Cover Reveal: Never Apart by Romily Bernard

I’m happy to bring you a cover reveal for a cool new YA/supernatural-ish book. It looks awesome to me! Enjoy this sneak peek; the book is released Oct. 3!

This cover reveal is brought to you by Entangled Teen & USA Today’s HEA Blog.

Book Description:

How many times would you die for love?

What if you had to relive the same five days over and over?

And what if at the end of it, your boyfriend is killed…

And you have to watch. Every time.

You don’t know why you’re stuck in this nightmare.

But you do know that these are the rules you now live by:

Wake Up.

Run.

Die.

Repeat.

Now, the only way to escape this loop is to attempt something crazy. Something dangerous. Something completely unexpected. This time…you’re not going to run.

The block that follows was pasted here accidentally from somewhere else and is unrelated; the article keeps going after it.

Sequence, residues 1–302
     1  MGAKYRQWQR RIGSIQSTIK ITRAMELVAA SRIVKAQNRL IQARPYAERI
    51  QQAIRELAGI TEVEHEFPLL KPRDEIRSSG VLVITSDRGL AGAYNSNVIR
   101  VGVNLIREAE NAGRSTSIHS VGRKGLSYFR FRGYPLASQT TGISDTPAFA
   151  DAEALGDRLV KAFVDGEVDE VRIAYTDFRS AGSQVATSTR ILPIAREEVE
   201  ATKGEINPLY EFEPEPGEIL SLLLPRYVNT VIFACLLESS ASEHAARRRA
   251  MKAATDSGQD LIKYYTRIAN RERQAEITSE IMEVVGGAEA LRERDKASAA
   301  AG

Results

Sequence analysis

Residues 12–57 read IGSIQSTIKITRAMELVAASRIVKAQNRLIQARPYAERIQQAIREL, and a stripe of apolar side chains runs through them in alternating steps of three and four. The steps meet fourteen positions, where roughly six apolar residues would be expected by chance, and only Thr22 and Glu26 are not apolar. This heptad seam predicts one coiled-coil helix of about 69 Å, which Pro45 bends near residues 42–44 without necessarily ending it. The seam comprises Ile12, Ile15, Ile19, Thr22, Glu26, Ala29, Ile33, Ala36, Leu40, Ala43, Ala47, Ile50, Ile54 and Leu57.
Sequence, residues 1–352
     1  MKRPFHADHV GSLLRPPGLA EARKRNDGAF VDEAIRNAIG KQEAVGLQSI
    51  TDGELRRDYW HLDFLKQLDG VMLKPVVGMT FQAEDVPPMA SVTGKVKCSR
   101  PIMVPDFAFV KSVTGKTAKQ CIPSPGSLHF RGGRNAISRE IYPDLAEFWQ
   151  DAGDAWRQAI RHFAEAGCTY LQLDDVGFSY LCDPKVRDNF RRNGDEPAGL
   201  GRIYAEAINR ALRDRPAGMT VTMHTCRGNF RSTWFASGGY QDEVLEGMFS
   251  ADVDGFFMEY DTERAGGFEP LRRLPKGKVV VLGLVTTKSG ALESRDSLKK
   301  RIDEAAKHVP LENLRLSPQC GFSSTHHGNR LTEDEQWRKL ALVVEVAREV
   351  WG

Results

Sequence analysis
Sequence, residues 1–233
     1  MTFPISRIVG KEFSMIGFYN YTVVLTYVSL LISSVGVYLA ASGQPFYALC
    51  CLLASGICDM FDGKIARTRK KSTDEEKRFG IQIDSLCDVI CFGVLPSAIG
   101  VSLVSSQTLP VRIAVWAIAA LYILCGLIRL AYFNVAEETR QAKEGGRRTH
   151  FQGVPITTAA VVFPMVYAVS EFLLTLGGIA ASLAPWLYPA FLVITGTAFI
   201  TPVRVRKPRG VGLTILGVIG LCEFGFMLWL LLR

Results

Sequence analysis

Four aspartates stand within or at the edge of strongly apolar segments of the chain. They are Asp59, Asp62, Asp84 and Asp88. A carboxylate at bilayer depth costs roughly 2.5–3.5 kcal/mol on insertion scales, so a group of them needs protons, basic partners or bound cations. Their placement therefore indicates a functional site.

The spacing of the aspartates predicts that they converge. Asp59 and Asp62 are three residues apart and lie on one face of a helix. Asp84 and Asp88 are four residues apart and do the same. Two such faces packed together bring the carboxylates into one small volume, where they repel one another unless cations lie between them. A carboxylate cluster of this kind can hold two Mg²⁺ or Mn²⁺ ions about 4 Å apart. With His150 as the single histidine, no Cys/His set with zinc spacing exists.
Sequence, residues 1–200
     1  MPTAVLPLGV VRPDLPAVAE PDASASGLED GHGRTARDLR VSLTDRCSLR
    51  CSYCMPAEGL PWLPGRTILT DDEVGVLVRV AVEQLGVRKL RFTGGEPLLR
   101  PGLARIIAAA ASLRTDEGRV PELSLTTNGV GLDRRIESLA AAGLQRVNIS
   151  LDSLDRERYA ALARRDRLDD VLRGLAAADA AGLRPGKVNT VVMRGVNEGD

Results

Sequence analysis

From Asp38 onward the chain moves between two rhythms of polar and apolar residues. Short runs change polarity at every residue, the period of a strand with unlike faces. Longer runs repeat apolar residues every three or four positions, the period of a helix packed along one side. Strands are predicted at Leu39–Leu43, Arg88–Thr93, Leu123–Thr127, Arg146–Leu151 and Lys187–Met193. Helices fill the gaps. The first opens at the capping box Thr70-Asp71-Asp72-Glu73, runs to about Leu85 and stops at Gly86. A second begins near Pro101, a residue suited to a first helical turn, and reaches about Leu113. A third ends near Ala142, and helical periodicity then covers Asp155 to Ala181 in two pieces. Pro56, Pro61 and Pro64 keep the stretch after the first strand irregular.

Combining heart-pounding romance and a thrilling mystery Never Apart is a stunning story you won’t soon forget.

Want to read more? Pre-order your copy of Never Apart by Romily Bernard today!

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Amazon | B&N | Kobo | Entangled Publishing

About Romily Bernard:

Romily Bernard graduated from Georgia State University with a Literature degree. Since then, she’s worked as a riding instructor, cell phone salesgirl, personal assistant, groom, exercise rider, accounting assistant, and, during a very dark time, customer service rep.

So don’t let anyone tell you a BA degree will keep you unemployed.

Her YA thrillers FIND ME, REMEMBER ME, LIE FOR ME, AND TRUST ME are now available.

Website | Instagram | Twitter | Facebook | Goodreads | Entangled Publishing

Posted in Book Extras, New releases

#BookBlitz: I Stop Somewhere by T.E. Carter – Excerpt, Giveaway and more!

I Stop Somewhere
T.E. Carter
Published by: Feiwel & Friends
Publication date: February 27th 2018
Genres: Contemporary, Young Adult

THE LOVELY BONES meets ALL THE RAGE in a searing, heartbreaking contemporary story of a lost teenager, and the town she leaves behind.

Ellie Frias disappeared long before she vanished.

Tormented throughout middle school, Ellie begins her freshman year with a new look: she doesn’t need to be popular; she just needs to blend in with the wallpaper.